Pesticidal proteins derived from the bacterium Bacillus thuringiensis, have provided the bases for a diverse array of pest management tools ranging from natural products used in organic agriculture, to modern biotechnological approaches. With advances in genome sequencing technologies and protein structure determination, an increasing number of pesticidal proteins from myriad bacterial species have been identified. The Bacterial Pesticidal Protein Resource Center (BPPRC) has been established to provide informational and analytical resources on the wide range of pesticidal proteins derived from bacteria that have potential utility for arthropod management. In association with a revised nomenclature for these proteins, BPPRC contains a database that allows users to browse and download sequences. Users can search the database for the best matches to sequences of interest and can incorporate their own sequences into basic informatic analyses. These analyses include the ability to draw and export guide trees from either whole protein sequences or, in the case of the three-domain Cry proteins, from individual domains. The associated website also provides a portal for users to submit protein sequences for naming. The BPPRC provides a single authoritative source of information to which all stakeholders can be referred including academics, government regulatory bodies and research and development personnel in the industrial sector. The database provides information on more than 1060 pesticidal proteins derived from 13 species of bacteria, including insecticidal activities for a subset of these proteins.
The diverse pesticidal proteins produced by bacteria such as Bacillus thuringiensis (Bt), Lysinibacillus sphaericus, Photorhabdus spp. and Xenorhabdus spp., provide a valuable resource for suppression of insect pest populations (1–3). For example, sprays composed of sporulated Bt have not only been applied for pest control in organic agriculture but also have been used to suppress disease-carrying vectors such as mosquitoes and blackflies (4). Furthermore, crop plants have been engineered by the introduction of bacteria-derived genes expressing pesticidal proteins, rendering them resistant to several pests of major agricultural importance (5–7). The success of this approach for the suppression of insect pests has led to sustained interest in the deployment of bacteria-derived pesticidal proteins for pest management (8). In addition to their utility in crop protection and management of insect vectored diseases, a subset of the proteins, known as parasporins, have activity against certain human cancer cell lines (9).
The bacterial pesticidal proteins used for pest control are environmentally benign and are safe to humans and non-target organisms due to their narrow host range (8, 10). The economic success of bacterial pesticidal proteins has led to the sequencing of a large number of bacterial genomes in the search for proteins with new or enhanced activities. With the advancement of improved protein structure determination and prediction technologies, it has become evident that bacteria-derived pesticidal proteins are structurally diverse (11) and that the 1998 nomenclature system, which did not reflect structural relationships (12), limited appreciation for this diversity. As a result, we published a revised nomenclature to reflect diverse protein folds while maintaining relationships with the previous system (11).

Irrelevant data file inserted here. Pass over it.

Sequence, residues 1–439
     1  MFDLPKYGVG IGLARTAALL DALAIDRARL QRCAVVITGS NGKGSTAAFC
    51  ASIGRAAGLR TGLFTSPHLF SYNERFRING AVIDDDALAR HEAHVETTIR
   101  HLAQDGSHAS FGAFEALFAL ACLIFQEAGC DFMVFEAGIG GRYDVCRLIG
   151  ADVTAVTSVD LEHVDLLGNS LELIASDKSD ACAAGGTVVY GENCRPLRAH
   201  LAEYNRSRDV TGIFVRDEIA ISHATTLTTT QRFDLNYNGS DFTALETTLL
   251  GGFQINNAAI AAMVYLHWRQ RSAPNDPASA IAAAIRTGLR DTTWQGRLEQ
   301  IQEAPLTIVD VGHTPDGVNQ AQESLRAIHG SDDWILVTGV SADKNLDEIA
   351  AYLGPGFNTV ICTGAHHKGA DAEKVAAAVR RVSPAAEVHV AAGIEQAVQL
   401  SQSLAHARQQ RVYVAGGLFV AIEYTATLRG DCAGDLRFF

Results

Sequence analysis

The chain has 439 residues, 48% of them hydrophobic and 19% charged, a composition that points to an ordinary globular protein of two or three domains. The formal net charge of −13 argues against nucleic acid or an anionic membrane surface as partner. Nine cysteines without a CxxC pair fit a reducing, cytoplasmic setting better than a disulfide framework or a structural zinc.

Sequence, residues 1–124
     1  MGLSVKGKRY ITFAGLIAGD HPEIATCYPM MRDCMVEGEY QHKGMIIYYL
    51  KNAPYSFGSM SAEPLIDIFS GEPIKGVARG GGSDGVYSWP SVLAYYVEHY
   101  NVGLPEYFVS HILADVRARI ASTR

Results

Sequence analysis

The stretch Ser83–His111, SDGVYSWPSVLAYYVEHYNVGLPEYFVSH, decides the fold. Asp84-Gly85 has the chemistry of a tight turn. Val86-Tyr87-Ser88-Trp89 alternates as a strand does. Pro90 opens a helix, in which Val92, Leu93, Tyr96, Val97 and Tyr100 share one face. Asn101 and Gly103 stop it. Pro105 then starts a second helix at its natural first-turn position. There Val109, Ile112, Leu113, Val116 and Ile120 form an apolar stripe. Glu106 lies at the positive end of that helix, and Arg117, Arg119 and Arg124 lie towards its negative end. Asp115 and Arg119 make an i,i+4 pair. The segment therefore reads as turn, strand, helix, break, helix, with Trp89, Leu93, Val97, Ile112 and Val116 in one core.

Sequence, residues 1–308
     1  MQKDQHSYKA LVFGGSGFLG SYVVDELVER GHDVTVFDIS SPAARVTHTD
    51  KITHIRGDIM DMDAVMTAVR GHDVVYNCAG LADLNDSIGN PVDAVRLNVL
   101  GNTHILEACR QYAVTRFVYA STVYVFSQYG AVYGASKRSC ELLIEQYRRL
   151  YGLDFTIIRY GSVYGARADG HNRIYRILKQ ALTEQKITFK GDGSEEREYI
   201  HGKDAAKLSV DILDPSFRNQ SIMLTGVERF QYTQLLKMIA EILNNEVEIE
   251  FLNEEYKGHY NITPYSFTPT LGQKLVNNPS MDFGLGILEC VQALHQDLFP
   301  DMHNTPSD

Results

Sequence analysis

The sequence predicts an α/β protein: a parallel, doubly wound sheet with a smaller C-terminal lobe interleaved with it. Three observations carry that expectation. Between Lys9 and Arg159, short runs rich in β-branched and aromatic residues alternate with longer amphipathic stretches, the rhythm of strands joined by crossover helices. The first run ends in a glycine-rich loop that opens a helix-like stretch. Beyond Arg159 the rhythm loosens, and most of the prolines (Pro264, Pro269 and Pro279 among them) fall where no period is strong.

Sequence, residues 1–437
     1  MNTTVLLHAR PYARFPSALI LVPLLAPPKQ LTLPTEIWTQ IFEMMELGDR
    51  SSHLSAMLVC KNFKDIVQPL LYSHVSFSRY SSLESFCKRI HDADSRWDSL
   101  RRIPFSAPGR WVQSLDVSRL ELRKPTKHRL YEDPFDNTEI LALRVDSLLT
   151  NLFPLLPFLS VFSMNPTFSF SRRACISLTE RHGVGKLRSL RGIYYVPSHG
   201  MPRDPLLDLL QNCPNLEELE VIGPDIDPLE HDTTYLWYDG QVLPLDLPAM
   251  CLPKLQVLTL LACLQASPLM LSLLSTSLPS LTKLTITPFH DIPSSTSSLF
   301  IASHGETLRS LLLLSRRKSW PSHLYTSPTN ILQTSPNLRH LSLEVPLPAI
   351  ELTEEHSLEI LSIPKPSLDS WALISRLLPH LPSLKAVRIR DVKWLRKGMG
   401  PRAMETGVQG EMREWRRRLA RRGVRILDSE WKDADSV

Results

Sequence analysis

We present the Bacterial Pesticidal Protein Resource Center (BPPRC) as an authoritative resource to allow users to access and analyse these proteins and to characterize their own sequences. The resource is available both online and as portable code and has been designed to facilitate R&D activities within academia and industry as well as facilitate some of the checks required for new product registration. This database is of particular importance for comparing newly discovered bacteria-derived insecticidal proteins with pesticidal proteins that have been commercialized and will facilitate data acquisition for both researchers and regulatory bodies.
The BPPRC has been created to develop information systems for the broad range of proteins potentially available for pest control and provides a range of functionalities to inform researchers, regulators and other stakeholders. BPPRC replaces the existing Bt toxin nomenclature site (12) that provided an accepted framework for the naming of proteins used by industry and academia within the field of arthropod management. The BPPRC is an interactive platform that provides authoritative data on bacteria-derived pesticidal proteins. The home page of the site provides links to the main database, descriptions of the various structural classes of proteins, information on the nomenclature system and on the bacterial species from which the genes were identified (Figure 1). Figure 1 also provides a schematic overview of the website structure and utility.